While the onions are cooking, prepare the beans. Bring a gallon of water and 2 tablespoons of salt to a boil in an 8-quart saucepan. Add the beans and blanch for 5 minutes. Drain in a colander and immediately plunge the beans into a large bowl of ice water to stop the cooking. Drain and set aside.

Melt the butter in a 12-inch cast iron skillet set over medium-high heat. Add the mushrooms, 1 teaspoon salt and pepper and cook, stirring occasionally, until the mushrooms begin to give up some of their liquid, approximately 4 to 5 minutes. Add the garlic and nutmeg and continue to cook for another 1 to 2 minutes. Sprinkle the flour over the mixture and stir to combine. Cook for 1 minute. Add the broth and simmer for 1 minute. Decrease the heat to medium-low and add the half-and-half. Cook until the mixture thickens, stirring occasionally, approximately 6 to 8 minutes.

Remove from the heat and stir in 1/4 of the onions and all of the green beans. Top with the remaining onions. Place into the oven and bake until bubbly, approximately 15 minutes. Remove and serve immediately.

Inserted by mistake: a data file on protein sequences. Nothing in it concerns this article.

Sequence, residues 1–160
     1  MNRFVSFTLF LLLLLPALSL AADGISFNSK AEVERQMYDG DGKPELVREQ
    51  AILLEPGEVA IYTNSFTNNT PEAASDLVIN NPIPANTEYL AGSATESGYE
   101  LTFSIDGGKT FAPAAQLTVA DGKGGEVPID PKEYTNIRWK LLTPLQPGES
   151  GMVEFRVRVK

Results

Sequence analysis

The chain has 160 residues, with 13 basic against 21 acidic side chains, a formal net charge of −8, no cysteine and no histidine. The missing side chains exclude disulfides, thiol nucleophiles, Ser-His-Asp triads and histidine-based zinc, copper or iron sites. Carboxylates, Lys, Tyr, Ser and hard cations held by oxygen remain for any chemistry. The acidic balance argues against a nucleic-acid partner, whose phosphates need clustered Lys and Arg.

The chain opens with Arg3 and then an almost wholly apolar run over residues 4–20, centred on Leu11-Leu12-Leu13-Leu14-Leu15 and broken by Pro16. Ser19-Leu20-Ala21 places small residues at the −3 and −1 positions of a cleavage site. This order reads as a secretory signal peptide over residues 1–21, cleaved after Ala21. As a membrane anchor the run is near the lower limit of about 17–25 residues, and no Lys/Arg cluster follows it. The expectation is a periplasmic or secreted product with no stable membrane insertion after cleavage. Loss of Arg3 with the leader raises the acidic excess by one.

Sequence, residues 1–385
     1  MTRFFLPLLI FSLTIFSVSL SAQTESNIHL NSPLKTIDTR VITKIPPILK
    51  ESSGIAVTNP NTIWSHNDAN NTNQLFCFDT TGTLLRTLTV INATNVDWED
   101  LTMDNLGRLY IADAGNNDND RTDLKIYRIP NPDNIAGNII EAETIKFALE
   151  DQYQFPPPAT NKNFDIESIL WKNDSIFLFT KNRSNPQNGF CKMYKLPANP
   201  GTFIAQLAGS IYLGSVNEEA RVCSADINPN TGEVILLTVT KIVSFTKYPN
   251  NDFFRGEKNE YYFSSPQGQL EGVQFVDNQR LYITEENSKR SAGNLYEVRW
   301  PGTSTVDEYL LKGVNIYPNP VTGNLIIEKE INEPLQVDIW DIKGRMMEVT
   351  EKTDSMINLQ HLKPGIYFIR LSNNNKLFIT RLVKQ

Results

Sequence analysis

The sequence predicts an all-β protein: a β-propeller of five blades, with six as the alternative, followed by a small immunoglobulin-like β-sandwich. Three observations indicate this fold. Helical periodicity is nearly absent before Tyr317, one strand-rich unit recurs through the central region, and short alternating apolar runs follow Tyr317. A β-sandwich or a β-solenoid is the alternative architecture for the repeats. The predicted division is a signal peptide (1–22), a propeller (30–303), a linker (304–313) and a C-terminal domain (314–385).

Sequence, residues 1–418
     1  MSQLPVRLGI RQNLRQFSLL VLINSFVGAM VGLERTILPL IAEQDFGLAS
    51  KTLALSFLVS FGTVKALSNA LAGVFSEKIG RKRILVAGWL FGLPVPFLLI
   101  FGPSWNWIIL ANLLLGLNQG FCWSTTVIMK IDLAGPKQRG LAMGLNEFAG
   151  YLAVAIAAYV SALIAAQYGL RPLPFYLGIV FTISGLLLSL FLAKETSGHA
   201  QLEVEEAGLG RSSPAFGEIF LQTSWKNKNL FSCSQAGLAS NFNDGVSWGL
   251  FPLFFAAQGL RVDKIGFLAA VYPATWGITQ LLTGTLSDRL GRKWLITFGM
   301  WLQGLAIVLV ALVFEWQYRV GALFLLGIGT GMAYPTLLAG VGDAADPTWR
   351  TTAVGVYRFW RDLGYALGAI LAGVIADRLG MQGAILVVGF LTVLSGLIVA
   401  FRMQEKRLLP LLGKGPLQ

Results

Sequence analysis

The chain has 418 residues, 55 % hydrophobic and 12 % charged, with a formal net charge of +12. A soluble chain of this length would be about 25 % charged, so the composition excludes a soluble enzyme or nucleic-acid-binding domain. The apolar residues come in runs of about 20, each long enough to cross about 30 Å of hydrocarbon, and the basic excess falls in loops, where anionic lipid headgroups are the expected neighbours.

Sunday, November 28, 2010

Diary of a Secret Housewife: Miso Glazed Brussel Sprouts

Brussel sprouts have seriously gotten a bum rap.  The Brussel Sprout Lobby must be sucking at its job, or is taking kickbacks from the Broccoli Union, because somehow this poor, defenseless vegetable has become synonymous with "grossness that will not be consumed by kids."

But have no fear: I have a recipe that will single-handedly transform the reputation of the brussel sprout.  You will make this recipe, and everyone at your table will rename the vegetable "little cabbages of love and goodness."  Don't believe me?  Let me tell you that even amongst roasted garlic mashed potatoes, a glorious green bean casserole, and a souffle-style stuffing, the brussels were the first to go at our Thanksgiving dinner.  It's possible that one of my guests might have in fact licked the serving platter.